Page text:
Written by Natalia Bus | 14th October 2022
THE ‘S’ WORD: EXPLODING THE SENSITIVITY IN COMMS & MARKETING
In the latest instalment of our Lab Leaders podcast, we welcome Walnut UNLIMITED’s Board Director, Dr. Cristina de Balanzo, and Research Director, Andreea Tarasescu.
Together, they attempt to explore the tension building around the communication of brands’ sustainability narratives – highlighting the benefits of a positive, human-led approach. See where the discussion took them below.
What attitudes are you seeing from consumers surrounding sustainability?
Cristina: The consumer research that we carried out at the beginning of the year gave us a lot of hope because the problem we’ve faced before is a lack of urgency from consumers. But recent circumstances, especially in the UK with the summer we’ve just had, have really touched our hearts and minds. People are now fully aware that this is not for future generations, but for us to solve.
Andreea: From a behavioural science perspective, we know that the more tangible an issue becomes and the more we can see the impact in our day-to-day lives, the more we pay attention. There’s an attentional bias here. With the news full of doom and gloom, I think that brands have an opportunity to bring some positivity and hope for the future.
Can you talk us through the key takeaways of your research for brands?
Cristina: Front and centre was the sense that brands need to take a positive tone in messaging because a lot of people have the motivation to act. In fact, a lot of consumers are on the lookout for more sustainable options and offerings.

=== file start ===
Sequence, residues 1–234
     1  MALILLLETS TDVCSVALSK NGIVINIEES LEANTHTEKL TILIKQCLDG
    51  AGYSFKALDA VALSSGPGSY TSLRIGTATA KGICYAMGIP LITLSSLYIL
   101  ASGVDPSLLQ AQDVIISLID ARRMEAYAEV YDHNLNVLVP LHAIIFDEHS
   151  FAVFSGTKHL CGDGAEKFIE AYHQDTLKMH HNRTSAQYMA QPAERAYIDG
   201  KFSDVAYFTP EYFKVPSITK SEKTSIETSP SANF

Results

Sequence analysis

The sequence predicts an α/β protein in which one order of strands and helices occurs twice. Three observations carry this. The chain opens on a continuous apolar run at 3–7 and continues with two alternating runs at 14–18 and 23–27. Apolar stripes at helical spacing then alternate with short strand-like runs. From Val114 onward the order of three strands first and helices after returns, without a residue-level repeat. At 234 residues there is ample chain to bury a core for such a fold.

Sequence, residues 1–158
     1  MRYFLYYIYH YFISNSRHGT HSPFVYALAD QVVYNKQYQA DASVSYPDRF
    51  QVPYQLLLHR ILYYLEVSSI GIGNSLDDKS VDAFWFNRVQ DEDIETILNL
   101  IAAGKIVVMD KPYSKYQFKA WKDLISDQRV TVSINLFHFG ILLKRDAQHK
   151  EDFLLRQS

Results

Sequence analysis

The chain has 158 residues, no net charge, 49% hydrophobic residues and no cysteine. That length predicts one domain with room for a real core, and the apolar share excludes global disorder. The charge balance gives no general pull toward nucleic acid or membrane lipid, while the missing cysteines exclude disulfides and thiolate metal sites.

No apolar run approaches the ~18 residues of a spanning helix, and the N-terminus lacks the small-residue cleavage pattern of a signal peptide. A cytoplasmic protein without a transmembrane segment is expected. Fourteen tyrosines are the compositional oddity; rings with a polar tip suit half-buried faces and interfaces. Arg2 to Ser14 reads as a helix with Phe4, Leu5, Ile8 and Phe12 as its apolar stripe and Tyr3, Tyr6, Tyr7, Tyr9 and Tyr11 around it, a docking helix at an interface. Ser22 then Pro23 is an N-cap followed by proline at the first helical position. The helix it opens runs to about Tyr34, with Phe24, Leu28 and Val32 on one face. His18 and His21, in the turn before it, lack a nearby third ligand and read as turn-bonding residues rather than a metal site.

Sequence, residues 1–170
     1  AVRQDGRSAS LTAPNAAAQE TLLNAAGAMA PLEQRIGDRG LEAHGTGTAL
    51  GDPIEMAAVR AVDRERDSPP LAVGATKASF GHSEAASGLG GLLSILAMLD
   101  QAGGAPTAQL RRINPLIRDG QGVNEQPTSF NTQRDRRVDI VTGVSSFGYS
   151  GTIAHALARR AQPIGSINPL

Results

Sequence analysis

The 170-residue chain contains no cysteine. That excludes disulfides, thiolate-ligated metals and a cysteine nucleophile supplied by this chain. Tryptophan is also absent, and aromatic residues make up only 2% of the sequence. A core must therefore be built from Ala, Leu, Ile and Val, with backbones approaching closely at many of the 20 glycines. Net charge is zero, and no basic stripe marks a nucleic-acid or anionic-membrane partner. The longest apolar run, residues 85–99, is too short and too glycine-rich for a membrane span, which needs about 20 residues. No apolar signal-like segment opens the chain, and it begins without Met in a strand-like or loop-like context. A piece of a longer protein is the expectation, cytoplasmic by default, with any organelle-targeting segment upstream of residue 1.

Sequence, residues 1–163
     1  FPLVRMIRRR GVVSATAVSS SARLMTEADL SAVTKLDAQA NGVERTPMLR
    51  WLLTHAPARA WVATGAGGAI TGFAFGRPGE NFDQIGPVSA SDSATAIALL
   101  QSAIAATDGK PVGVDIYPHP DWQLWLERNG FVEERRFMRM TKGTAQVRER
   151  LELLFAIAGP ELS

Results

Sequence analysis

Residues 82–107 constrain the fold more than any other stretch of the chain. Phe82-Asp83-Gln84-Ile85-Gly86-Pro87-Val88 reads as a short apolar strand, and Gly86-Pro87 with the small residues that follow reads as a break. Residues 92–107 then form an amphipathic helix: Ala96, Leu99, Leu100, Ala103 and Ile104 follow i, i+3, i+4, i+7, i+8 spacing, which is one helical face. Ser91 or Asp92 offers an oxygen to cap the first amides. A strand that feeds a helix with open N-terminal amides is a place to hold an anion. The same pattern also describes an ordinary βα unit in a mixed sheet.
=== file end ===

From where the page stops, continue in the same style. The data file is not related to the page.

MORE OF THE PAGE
Despite this, sustainability is a journey and not everyone is in the same place. Some people are primed and ready for change, some still contemplating, while others remain steeped in denial. Each of these groups requires different marketing strategies.
Lastly, we saw what we already knew – that greenwashing is top of mind for everyone. Brands need to be careful that their activations are truly embedded into their organisation, rather than being opportunistic or commercially driven.
Do brands seem to understand the different group profiles and their attitudes towards sustainability?
Andreea: Some do, and some don’t. But brands need to recognise that there will be different types of comms and nudges for consumers, depending on what stage of the journey they’re on.
When it comes to getting under the skin of these multiple audiences, we can use a variety of techniques. For example, coupling implicit data with behavioural science gives us an in-depth view into what levers to pull with each of these segments when building comms.